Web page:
One cannot, for example, but be bewitched by the mystic grandeur of this image:

O serene and immobile Consciousness, Thou watchest on the boundaries of the world like a sphinx of eternity. And yet to some Thou givest out Thy secret.[10]

In fact three notes blend together indissolubly and form what we call ‘mantra’ — even like the triple mystic syllable AUM.

Once, in connection with Shakespeare, I said that a poet’s language, which is in truth the poet himself, may be considered as consisting of unit vocables, syllables, that are as it were fundamental particles, even like the nuclear particles, each poet having his own type of particle, with its own charge and spin and vibrations. Shakespeare’s, I said, is a particle of Life-energy, a packet of living blood-vibration, pulsating as it were, with real heart-beat. Likewise in Dante one feels it to be a packet of Tapas — of ascetic energy, a bare clear concentrated flame-wave of consciousness, of thought-force. In the Prayers and Meditations the fundamental unit of expression seems to be a packet of gracious light — one seems to touch the very hem of Mahalakshmi.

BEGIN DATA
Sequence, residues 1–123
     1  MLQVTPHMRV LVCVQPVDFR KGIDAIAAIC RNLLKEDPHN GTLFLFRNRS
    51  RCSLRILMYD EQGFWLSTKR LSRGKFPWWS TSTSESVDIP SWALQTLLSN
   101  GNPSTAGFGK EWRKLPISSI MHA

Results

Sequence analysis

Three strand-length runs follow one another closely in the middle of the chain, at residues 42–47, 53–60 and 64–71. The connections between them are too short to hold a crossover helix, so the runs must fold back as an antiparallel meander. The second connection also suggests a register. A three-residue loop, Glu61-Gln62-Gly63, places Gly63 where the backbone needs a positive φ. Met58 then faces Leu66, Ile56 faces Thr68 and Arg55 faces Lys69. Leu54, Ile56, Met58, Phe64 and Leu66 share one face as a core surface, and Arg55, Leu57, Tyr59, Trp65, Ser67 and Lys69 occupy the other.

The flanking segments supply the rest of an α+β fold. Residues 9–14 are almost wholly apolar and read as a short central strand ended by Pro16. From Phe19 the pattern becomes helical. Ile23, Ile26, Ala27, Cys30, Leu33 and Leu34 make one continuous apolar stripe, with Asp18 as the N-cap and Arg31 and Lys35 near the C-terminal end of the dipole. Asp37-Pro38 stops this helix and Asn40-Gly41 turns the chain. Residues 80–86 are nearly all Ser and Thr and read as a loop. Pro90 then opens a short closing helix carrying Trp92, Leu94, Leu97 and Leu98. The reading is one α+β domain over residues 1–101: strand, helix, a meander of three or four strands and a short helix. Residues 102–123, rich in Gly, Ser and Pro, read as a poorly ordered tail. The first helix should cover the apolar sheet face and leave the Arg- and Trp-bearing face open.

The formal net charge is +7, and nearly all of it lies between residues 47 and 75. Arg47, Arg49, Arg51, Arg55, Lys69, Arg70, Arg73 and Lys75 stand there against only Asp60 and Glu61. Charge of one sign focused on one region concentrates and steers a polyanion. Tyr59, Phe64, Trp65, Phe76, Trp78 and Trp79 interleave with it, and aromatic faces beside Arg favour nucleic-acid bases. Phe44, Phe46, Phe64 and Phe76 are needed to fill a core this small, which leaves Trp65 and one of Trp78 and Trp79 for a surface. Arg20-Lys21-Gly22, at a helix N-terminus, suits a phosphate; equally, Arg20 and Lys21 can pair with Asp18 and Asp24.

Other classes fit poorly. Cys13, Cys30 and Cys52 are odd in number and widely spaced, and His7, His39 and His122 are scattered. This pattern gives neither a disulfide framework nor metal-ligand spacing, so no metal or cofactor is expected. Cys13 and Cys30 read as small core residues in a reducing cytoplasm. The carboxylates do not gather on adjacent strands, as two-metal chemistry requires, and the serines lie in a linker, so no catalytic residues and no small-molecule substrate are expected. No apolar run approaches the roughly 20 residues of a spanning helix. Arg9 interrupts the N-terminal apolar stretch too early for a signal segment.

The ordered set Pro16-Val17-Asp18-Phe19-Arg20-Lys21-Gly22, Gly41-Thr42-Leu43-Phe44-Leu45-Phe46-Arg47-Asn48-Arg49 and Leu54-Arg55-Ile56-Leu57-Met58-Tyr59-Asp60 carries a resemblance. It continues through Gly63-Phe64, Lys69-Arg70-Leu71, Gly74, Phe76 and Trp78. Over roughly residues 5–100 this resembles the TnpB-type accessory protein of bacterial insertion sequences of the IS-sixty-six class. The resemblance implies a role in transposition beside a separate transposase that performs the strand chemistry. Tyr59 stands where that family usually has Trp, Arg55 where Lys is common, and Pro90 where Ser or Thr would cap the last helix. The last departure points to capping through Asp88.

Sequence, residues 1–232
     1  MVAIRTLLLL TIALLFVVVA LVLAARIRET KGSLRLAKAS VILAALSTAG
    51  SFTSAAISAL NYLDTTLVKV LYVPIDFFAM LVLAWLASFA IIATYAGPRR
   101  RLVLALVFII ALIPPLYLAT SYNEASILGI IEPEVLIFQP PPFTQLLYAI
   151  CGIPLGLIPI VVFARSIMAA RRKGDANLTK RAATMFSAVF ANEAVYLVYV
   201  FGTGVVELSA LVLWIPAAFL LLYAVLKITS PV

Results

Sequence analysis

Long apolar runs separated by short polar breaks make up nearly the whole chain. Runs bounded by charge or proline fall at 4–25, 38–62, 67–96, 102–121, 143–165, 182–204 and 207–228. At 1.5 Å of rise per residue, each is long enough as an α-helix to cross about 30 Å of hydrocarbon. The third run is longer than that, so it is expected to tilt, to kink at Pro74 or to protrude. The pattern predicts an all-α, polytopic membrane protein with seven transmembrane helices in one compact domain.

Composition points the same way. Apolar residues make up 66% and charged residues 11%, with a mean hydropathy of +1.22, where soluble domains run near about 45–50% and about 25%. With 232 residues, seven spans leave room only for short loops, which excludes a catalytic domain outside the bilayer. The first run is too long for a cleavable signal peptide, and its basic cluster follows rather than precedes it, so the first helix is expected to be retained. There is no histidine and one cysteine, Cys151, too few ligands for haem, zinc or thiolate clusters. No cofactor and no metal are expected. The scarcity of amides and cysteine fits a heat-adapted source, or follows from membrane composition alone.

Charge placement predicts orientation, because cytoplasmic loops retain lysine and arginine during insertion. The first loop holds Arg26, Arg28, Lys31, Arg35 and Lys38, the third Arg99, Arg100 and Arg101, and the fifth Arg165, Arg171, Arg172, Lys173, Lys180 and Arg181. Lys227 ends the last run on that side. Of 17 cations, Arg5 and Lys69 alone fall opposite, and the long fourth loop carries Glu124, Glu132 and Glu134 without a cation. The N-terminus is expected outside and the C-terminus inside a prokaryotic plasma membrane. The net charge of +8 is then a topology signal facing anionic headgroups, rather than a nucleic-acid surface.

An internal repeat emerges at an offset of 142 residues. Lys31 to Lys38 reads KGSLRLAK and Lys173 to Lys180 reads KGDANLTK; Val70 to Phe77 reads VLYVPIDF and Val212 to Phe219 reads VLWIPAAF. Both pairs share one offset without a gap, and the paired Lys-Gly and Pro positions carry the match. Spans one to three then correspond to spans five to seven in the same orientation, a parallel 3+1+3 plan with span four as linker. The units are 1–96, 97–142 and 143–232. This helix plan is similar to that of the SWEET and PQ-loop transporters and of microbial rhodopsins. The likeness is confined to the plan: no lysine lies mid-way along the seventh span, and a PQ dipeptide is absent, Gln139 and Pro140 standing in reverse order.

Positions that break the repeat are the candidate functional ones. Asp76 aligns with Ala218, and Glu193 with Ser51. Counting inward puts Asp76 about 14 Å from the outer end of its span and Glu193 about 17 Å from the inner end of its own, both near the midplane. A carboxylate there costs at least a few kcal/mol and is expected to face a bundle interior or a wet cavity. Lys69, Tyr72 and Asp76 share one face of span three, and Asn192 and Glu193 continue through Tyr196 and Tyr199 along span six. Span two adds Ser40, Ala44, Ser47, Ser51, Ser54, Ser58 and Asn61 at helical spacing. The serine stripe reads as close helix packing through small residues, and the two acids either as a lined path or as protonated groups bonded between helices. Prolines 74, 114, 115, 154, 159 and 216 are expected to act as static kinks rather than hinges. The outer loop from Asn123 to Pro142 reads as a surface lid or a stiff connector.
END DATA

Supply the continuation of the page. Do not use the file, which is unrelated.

The voice in the Prayers and Meditations is Krishna’s flute calling the souls imprisoned in their worldly household to come out into the wide green expanses of infinity, in the midst of the glorious herds of light, to play and enjoy in the company of the Lord of Delight.

 

(2)

 

We have spoken of the three notes or strains in the Prayers and Meditations. Apart from this triple theme which after all means mode or modulation in expression, there is a triplicity in depth. Along with the strains, there are strands. Besides the value or quality of the things, the thing itself is a composite reality containing different levels. It is not a single, unilateral, one-dimensional world, but it is multi-dimensional consisting of many worlds, one within another, all telescoped as it were, to form a single indivisible whole.